In honor of Recovery Month, staff of the city’s Substance Use Disorder Initiative Office (SUDI) held a cookout on the lawn of the American Legion and two speakers, who grew up in Revere, shared their stories of recovery and by sharing they ended the stigma by so many fighting the battle of addiction.
“I want to thank everyone for coming out and for celebrating recovery and letting the community know that it’s possible to recover,” said SUDI office director Julia Newhall.
Tina Hinojosa who successfully overcame her addiction, stood firm in addressing those attending the event and said that six years ago her life was horrible.
“I no longer wanted to go on,” she said. “I’m here to tell people there is light at the end of the tunnel, it is a feeling I truly cannot describe.”
Her journey into alcohol and addiction and then recovery began when she was 29 years old after her mother had passed away. She went into a severe depression and really just thought “I wanted to end it.” She started drinking to dull the pain of grief, soon she began using pills and harder drugs leading to an opiate addiction that in her words “brought her to her knees.”
Nothing mattered to her, not family or her business.
“I finally got the courage to go into detox and get some help,” she said. “That worked for a little while. Then I relapsed, went to detox again and relapsed. This went on for years. I couldn’t stay sober because I wasn’t taking responsibility for my actions.”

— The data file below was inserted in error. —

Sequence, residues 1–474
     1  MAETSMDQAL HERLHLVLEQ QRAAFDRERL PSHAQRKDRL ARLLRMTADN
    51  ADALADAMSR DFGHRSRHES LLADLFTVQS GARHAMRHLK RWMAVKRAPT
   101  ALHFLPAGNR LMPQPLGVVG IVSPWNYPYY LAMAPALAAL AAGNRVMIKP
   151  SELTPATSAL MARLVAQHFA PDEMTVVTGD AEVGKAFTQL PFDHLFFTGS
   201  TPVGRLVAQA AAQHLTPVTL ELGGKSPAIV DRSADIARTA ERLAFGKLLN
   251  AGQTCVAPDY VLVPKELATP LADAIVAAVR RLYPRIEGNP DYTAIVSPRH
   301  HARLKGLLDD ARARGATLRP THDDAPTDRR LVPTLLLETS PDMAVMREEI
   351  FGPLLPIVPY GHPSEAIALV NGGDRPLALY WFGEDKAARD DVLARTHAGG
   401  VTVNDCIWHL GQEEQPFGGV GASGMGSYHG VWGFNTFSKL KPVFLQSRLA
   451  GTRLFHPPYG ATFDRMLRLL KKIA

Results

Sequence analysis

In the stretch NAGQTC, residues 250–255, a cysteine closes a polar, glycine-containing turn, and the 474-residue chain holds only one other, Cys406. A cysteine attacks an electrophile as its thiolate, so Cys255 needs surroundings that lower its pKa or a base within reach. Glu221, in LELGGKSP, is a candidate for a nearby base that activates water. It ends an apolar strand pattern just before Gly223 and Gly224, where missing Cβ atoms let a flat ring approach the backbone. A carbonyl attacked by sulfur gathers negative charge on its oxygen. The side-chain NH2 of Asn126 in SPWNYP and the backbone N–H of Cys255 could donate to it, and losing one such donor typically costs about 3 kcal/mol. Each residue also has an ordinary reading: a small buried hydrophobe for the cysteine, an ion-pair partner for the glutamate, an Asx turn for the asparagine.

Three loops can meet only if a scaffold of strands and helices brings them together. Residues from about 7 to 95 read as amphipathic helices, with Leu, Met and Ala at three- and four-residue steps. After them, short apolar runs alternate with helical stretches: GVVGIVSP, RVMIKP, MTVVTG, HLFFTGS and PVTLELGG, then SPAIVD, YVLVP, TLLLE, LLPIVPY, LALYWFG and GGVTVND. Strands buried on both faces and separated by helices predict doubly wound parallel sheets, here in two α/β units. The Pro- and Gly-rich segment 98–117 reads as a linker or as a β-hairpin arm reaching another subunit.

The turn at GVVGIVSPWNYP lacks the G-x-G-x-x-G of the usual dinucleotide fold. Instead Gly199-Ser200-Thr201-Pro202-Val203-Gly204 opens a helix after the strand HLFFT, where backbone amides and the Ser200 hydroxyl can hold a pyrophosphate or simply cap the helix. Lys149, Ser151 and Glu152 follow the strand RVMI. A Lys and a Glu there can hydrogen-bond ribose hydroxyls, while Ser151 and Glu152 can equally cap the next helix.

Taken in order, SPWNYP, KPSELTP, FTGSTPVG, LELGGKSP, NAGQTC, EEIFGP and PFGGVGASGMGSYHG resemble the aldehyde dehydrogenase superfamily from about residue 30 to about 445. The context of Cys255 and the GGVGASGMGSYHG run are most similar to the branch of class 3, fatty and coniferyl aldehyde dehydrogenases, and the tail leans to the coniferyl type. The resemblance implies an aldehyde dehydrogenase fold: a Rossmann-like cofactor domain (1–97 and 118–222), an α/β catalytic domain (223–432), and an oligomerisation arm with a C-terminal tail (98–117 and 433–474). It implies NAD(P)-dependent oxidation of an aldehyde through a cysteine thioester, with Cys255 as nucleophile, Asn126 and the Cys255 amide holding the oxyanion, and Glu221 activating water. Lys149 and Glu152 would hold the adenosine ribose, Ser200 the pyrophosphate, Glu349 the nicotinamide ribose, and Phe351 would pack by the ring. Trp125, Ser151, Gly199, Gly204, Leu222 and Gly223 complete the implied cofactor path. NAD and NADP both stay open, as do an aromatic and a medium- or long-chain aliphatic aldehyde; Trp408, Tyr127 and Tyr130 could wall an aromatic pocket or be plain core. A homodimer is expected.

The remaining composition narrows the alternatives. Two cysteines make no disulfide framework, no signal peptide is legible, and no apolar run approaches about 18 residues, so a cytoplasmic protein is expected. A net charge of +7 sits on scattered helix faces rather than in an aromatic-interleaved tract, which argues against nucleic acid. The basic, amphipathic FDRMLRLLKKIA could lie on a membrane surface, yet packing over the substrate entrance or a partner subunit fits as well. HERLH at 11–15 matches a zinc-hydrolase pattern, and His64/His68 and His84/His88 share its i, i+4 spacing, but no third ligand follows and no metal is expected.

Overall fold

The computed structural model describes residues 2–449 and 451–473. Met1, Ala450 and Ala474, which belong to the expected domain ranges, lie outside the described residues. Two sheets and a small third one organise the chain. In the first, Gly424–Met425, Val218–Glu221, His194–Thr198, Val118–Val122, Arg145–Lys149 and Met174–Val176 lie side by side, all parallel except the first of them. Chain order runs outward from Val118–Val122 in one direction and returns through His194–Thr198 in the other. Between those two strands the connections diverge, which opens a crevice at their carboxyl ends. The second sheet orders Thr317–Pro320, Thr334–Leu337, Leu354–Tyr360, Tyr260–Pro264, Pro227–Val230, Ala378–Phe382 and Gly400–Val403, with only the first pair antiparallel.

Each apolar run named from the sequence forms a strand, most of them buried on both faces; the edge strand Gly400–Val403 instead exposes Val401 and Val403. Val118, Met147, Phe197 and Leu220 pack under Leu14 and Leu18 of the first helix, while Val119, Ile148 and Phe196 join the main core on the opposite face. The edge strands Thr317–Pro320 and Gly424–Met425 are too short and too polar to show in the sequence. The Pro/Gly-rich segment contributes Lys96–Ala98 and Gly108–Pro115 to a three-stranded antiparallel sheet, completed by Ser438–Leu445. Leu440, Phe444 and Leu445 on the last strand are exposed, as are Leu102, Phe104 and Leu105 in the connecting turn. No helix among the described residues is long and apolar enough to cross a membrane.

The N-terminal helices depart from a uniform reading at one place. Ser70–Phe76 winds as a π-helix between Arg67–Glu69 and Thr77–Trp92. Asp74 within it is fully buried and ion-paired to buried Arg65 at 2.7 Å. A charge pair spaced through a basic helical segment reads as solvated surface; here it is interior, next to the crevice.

Almost six years ago she went into detox one last time.
“I was at the end of my rope. I wanted to have an intentional overdose because I just couldn’t take it anymore,” Hinojosa said. “One last time with my mother, angel, God or universe gave me that spark of hope to try one more time.”
She admitted the road to recovery has not been easy for her.
“There’s been pain and tears and feelings I had suppressed for 20 or 30 years,” she said. “I kept pushing forward because I had a 12-step recovery program. I had people around me who loved me.”
She admits that even now that there are times she would like to use again.
“The only difference now is that I don’t,” she said. “I wake up in the morning very grateful I have the life that I do today.”
She has repaired relationships with her family, she owns a yoga studio and accounting business.
Michael Leggiero was a heroin addict, who now works with others in recovery and celebrates eight years of being sober.
“I grew up in this city. It’s so important (to have this cookout) and it’s important to de-stigmatized this,” said Leggiero. “When I was going through my struggle and I was using I felt empty inside. I felt like I didn’t have anyone, I was disassociated, isolated, alone, I was fearful to tell my mom, my dad that I was an IV heroin user. I feared being looked at as a junkie.”
He lead the group in a moment of silence for the addict that will die tonight, the addict that can’t get into treatment and doesn’t know that there’s a way out.